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Intel eyes solid-state drive market

Posted: 21 Aug 2008 ?? ?Print Version ?Bookmark and Share

Keywords:solid-state drives? storage devices? Robson cards?

Intel Corp. launched a family of solid-state drives (SSDs) claiming significant performance advances over its many competitors. However, the company would not reveal prices, an Achilles heel of the emerging storage devices.

Hewlett-Packard and Lenovo said they will use the drives on their notebooks and Sun Microsystems said it will use them in its servers. With the new products, HP displaced an existing vendor to use only Intel SSDs as options for all its business notebooks. "Their performance level is head and shoulders above anyone else," hitting levels of throughput near the maximum possible under Windows, said Walter Fry, a notebook architect at HP.

Fry said the Intel SSDs provide as much as 3x the performance of some competitors. HP will not adopt other vendor's drives until they get within ten percent of the Intel performance, he added.

"Most SSD vendors have products based on flash-card designs, but Intel took a fresh look at how the NAND chips communicate with a system and developed a new controller," said Jim Handy with Objective Analysis.

Handy said he has not yet seen independent benchmarks for the Intel drives. Whatever the performance, SSDs are still expensive at $8 or more per Gbyte compared to prices approaching 25 cents per Gbyte for HDDs.

"We don't expect the two to come to parity anytime in the future," said Fry.

Performance boost
Intel said it gets its performance boost from a controller that uses 10 parallel channels. The channels support the native command queuing technique of the serial ATA interface enabling up to 32 concurrent operations. Chips in the drives use the Open NAND Flash Interface version 1.0 co-developed by Intel and Micron.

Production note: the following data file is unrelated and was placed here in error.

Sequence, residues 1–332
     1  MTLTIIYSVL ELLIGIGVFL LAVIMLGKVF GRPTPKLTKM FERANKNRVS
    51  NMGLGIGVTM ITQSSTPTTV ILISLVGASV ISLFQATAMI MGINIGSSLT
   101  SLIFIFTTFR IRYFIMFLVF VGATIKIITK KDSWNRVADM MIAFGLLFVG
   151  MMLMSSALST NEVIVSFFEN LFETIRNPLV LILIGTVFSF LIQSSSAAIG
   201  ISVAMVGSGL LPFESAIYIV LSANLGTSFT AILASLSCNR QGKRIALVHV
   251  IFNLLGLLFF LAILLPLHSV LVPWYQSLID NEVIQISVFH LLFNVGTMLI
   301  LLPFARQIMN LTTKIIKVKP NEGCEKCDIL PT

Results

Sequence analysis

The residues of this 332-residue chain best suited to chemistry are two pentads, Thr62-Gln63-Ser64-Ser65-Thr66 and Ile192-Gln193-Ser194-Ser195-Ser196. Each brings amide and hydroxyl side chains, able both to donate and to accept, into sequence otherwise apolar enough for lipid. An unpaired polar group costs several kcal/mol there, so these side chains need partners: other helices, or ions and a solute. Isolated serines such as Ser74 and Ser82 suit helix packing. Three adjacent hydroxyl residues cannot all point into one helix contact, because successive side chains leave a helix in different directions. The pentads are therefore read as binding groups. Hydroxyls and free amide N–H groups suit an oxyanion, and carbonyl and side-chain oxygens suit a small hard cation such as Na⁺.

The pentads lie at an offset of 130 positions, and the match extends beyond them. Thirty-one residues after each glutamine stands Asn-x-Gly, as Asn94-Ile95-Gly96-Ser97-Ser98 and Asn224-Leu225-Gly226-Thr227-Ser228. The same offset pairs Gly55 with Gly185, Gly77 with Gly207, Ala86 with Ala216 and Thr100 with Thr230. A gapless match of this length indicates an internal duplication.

Intel will ship 80Gbyte drives for desktops and notebooks within 30 days and 160Gbyte versions early next year using its multilevel cell NAND flash chips. They will support reads at 250MBps, writes at up to 70MBps and 85?s read latency.

Severs versions based on single-level cell chips, initially at 32Gbytes shipping by the end of the year. A 64Gbyte version will ship early next year. The server drives will support reads at 250MBps, writes at up to 170MBps and 75?s read latency.

The server drives can deliver 35,000 I/O operations/s on a 4Kbyte read and 3,300 IOPS on a 4Kbyte write. The drives come in 1.8-inch and 2.5-inch sizes, similar to hard disks.

Intel said the desktop and notebook drives can last up to five years with writes of up to 100Gbytes/day, far beyond typical user practice. It did not specify lifetime for the server drives.

SSDs have much shorter than the product life times than HDDs due to the uneven wearing of flash cells. Intel claims its wear leveling algorithm keeps cell usage to within a four percent variation across the device.

Intel's initial foray into flash modules for notebooks, its so-called Robson cards used for notebook system cache, failed to gain market traction. That's because the cards had relatively low performance, high prices and were tied to Microsoft Vista. Intel will support new versions of the cards across a wider variety of Windows version with chipsets coming in 2009.

- Rick Merritt
EE Times

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